It is no coincidence that the “evidence” for the purported justification for QASA rested, in the main, from objection made by the judiciary, and then reflected to some degree in “evidence” to the Consultations, that the poorer quality advocacy did not, in the main, come from the Bar.  Thus, whatever form of QASA emerges from the current litigation, the impetus for the scheme (which is onerous to competent barristers and hugely time-consuming to the already-stretched judiciary) does not primarily come from the Bar, but will affect the way they practice for years to come.
We continue to strive to ensure that the independent bar can compete fairly for work – to level the playing field.  This is not an attack on solicitors or Higher Court Advocates.  It is simply a reflection that advocacy should be performed by the best advocates available, whoever they are, be they barristers or Higher Court Advocates.  It should never be given to an advocate for reasons of financial self-interest.  That proposition is, surely, beyond argument? How can the advancement of such a principle be construed as an attack? Surely barristers and solicitors are united in this?
We did not then, nor have we as yet, submitted formal proposals.  We felt that to do so then might convey an acceptance that the fight over Dual Contracts was over.  It is critically important that the membership understands we have made no such concession.
On the 9th of June Mark Fenhalls and I met with the new Lord Chancellor.
It was clear from our discussions with the new Lord Chancellor and with MoJ officials that the concerns identified by the Jeffrey Report are ones they want to address and that they are committed to take seriously from us any proposals we present.
Some will no doubt accuse me of naivety but those who know me trust my judgment.  We have approached discussions with the Lord Chancellor and his officials with an open mind; we have been alert to the need to identify whether our discussions have the potential to be of real benefit to the independent bar, or whether they might be a tactical distraction to divide solicitors and barristers.  Political prejudice against the government has no place in an assessment of its intentions – it is blinkered prejudice, rather than wisdom, to assume that everything said to us must be a trick designed to undermine us.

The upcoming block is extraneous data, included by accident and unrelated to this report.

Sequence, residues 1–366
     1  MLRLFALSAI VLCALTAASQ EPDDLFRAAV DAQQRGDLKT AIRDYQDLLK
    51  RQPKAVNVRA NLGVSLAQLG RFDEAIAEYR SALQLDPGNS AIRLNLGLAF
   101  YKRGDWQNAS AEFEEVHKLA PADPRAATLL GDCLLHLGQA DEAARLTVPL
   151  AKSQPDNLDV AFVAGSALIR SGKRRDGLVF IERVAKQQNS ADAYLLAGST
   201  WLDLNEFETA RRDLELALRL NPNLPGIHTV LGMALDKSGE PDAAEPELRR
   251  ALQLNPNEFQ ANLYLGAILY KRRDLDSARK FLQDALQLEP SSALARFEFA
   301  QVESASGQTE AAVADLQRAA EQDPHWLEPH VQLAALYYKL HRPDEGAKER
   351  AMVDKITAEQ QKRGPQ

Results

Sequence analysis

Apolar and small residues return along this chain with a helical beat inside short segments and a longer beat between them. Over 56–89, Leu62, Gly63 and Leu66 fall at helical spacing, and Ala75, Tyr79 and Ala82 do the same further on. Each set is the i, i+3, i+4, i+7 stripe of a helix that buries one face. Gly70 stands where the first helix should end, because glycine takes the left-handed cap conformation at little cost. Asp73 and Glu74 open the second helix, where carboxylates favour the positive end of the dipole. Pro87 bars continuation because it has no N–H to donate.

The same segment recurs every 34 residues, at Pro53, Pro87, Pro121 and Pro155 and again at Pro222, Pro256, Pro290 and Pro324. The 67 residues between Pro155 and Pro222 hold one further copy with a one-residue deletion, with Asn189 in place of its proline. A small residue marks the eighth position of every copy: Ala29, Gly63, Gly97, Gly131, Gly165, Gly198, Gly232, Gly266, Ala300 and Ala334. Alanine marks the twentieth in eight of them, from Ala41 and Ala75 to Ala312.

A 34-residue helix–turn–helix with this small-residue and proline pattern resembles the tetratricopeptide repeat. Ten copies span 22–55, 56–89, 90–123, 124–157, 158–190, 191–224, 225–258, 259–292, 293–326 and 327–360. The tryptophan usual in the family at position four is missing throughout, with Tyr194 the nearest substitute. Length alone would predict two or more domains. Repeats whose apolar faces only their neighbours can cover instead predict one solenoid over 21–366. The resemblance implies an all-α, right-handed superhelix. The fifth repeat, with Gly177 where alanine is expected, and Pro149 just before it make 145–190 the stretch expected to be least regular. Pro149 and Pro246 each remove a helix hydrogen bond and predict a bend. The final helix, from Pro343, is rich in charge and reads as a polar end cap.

Beyond my own assessment, there is evidence to support my view that the Lord Chancellor wishes to preserve the independent criminal bar.  The current Government has considered Jeffrey and Leveson and has said that it will not impose a cut to advocacy fees.  The last Government changed the definition of ‘instructed advocate’ to cure injustice.  This new Government has voiced publicly the belief that the public interest requires high quality advocacy in the criminal justice system. It has been clear that it wants to retain a “vibrant independent Bar”.
We told the Lord Chancellor that we would report back to the Executive of the CBA.
We were invited by civil servants to begin discussions on the steps that could be taken to safeguard the quality of advocacy (referred to in the Written Ministerial Statement of 10 June) so that they might be in place as soon as possible.  We decided that we would not begin such discussions until your Executive had been consulted.